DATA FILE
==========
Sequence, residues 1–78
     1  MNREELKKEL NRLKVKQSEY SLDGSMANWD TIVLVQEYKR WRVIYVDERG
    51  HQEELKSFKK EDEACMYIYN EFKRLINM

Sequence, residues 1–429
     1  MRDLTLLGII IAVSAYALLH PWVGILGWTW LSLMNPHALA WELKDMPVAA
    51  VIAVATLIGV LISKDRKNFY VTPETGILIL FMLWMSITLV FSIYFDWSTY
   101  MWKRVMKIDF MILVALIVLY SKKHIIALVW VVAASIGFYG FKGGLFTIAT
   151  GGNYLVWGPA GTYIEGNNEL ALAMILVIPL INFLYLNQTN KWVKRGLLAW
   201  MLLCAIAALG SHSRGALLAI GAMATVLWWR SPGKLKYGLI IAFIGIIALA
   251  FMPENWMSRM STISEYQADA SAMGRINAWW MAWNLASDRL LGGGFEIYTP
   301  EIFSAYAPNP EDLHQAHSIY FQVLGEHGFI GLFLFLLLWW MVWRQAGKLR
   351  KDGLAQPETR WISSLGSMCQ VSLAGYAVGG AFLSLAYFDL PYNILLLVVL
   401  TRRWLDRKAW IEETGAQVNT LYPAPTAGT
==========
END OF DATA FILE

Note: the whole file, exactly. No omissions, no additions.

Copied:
Sequence, residues 1–78
     1  MNREELKKEL NRLKVKQSEY SLDGSMANWD TIVLVQEYKR WRVIYVDERG
    51  HQEELKSFKK EDEACMYIYN EFKRLINM

Sequence, residues 1–429
     1  MRDLTLLGII IAVSAYALLH PWVGILGWTW LSLMNPHALA WELKDMPVAA
    51  VIAVATLIGV LISKDRKNFY VTPETGILIL FMLWMSITLV FSIYFDWSTY
   101  MWKRVMKIDF MILVALIVLY SKKHIIALVW VVAASIGFYG FKGGLFTIAT
   151  GGNYLVWGPA GTYIEGNNEL ALAMILVIPL INFLYLNQTN KWVKRGLLAW
   201  MLLCAIAALG SHSRGALLAI GAMATVLWWR SPGKLKYGLI IAFIGIIALA
   251  FMPENWMSRM STISEYQADA SAMGRINAWW MAWNLASDRL LGGGFEIYTP
   301  EIFSAYAPNP EDLHQAHSIY FQVLGEHGFI GLFLFLLLWW MVWRQAGKLR
   351  KDGLAQPETR WISSLGSMCQ VSLAGYAVGG AFLSLAYFDL PYNILLLVVL
   401  TRRWLDRKAW IEETGAQVNT LYPAPTAGT